Victims of pyramid schemes due $445,000 in refunds
RALEIGH, NC (WWAY) – People in North Carolina who lost money to pyramid scheme Fortune Hi-Tech Marketing will get a total of more than $445,000 in refund checks, Attorney General Roy Cooper said Wednesday.
Checks are being mailed by the Federal Trade Commission to 33,621 people across the state who bought into the scheme but lost money.
“North Carolina consumers were wronged by false promises of high earnings while only those at the top made a profit,” Cooper said. “We brought down this pyramid scheme and now victims are getting some money back.”
Across the nation, 285,361 checks totaling more than $3.7 million are going to victims of the scheme. The refunds are the result of a court approved settlement won by Cooper, the FTC, Kentucky and Illinois in 2014 to shut down Fortune Hi-Tech Marketing.
People who receive the checks are encouraged to deposit or cash them as soon as they get them, and at least within 60 days. Additional refunds may be possible once ongoing lawsuits against FHTM’s top earners are resolved.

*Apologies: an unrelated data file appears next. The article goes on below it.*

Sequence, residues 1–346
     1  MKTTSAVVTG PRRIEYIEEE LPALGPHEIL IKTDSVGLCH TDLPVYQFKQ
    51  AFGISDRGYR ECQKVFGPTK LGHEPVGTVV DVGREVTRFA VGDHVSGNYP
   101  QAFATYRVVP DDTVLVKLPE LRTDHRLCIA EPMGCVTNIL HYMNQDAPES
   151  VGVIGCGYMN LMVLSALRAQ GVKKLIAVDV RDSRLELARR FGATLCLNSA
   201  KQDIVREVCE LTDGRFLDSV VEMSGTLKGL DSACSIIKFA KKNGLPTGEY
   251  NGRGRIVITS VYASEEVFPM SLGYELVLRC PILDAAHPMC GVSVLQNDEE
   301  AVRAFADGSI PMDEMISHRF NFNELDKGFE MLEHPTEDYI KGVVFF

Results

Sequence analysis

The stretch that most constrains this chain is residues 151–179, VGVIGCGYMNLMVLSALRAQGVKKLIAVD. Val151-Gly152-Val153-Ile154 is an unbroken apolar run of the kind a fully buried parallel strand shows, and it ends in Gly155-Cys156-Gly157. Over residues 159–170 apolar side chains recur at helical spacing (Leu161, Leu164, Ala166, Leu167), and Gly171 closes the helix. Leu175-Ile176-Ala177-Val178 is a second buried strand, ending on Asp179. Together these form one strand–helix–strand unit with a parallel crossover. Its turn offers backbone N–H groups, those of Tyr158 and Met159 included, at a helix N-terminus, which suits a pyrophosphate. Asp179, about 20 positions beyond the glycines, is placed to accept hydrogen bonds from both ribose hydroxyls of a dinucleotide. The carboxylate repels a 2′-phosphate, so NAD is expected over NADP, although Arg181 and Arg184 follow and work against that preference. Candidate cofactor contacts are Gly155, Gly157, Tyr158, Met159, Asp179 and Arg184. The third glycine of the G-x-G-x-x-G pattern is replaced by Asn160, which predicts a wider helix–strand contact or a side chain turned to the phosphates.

FHTM operated a pyramid scheme out of Kentucky that recruited more than 350,000 participants between 2009 and 2012, including more than 30,000 in North Carolina. FHTM claimed participants could earn tens of thousands of dollars a year by buying into the operation to sell satellite television services, home security systems, beauty products and other consumer goods and services.
As with all pyramid schemes, the vast majority of consumers who bought into FHTM lost more money than they made.
“Always do your homework before you invest in a new way to make money, and be skeptical of claims that you can earn thousands of dollars quickly,” Cooper warned.
Under North Carolina law, a pyramid scheme is any plan in which a participant pays money for the chance to receive money upon the introduction of new participants into the program, whether or not a product or service is offered as well. The ultimate focus of the program is recruiting new representatives and selling the products to new members as they join, not selling to actual customers.
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